THE BATTERY OF AN ELECTRIC CAR
To some drivers, the latest electric cars may seem like a mobile laboratory, crammed with technology and offering a dazzling glimpse of motoring’s bright future. Yet in some ways, electric cars are remarkably straightforward, featuring battery technology which is simpler than cars with petrol or diesel engines.
How big is an electric car’s battery?
Like the variety of cars they power, the batteries in electric vehicles vary in size. They’re often packed away under the floor, taking up all the area beneath where everyone sits. Some will be rectangular shaped, others may resemble a ‘T’ section when viewed from overhead. And the larger they are, the heavier they will be.
In the new Honda e, the battery is beneath the middle of the car’s floor and it powers an electric motor that is located under the boot floor.
UNDERSTAND THE POWER
How does an electric car’s battery work?
The modern battery in an electric car is lithium-ion. Inside the cell, positively charged lithium ions are carried by a liquid electrolyte from the anode to the cathode through a separator. This movement results in the discharge of an electrical current. And that electricity is used to power the motor or motors that drive either two or all four wheels.
Maintaining the battery
The greatest potential convenience about an electric car is that it can be charged whenever and wherever it is parked. This saves drivers from going out of their way to find a charging station. The power will be drawn from the grid. That means the sustainability will vary according to the energy provider. At home, the battery is best charged using a dedicated ‘wallbox’. The wallbox typically delivers a charging rate of 6.6kW, which means a car like the Honda e, which has a 35.5kWh battery, would be charged from low warning to 100 per cent in around 4.1 hours. Using a more powerful 50kW rapid charger at a public location, the Honda e’s battery would go to 80 per cent charge in just 31 minutes.*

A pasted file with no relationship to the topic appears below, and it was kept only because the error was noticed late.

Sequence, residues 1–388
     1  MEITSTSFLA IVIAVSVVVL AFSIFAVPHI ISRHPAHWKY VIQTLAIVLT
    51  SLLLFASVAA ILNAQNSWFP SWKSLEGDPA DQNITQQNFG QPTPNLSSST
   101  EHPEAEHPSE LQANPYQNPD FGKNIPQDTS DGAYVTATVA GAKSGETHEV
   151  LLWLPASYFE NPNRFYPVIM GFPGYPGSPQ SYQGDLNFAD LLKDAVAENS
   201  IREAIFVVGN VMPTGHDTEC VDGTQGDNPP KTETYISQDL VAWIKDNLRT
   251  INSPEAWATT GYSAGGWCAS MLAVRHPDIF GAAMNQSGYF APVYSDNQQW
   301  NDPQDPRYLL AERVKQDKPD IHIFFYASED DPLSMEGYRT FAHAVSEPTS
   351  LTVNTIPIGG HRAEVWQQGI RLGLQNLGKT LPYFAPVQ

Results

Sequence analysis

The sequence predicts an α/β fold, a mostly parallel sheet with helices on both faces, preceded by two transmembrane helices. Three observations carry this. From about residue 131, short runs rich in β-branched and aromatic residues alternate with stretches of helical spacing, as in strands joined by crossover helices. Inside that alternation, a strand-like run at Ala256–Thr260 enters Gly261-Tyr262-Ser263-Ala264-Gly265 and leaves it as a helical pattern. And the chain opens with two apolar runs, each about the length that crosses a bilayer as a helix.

*Charge times are measured from the low battery warning indicator.
WHAT LIES BENEATH
The Honda e's battery
Designed from the ground up, the Honda e is the first Honda to be built on a purpose-designed platform for electric vehicles. The stylish electric car features a water-cooled 35.5kWh lithium-ion battery that can be charged using either Type 2 AC connection or a CCS2 DC rapid charge.
The Honda e will be capable of travelling up to 137 miles before drivers will need to recharge the battery. To ensure the Honda e has a responsive feel on the road, engineers have centred the battery low in the platform, giving the compact car perfect 50:50 weight distribution and an excellent centre of gravity.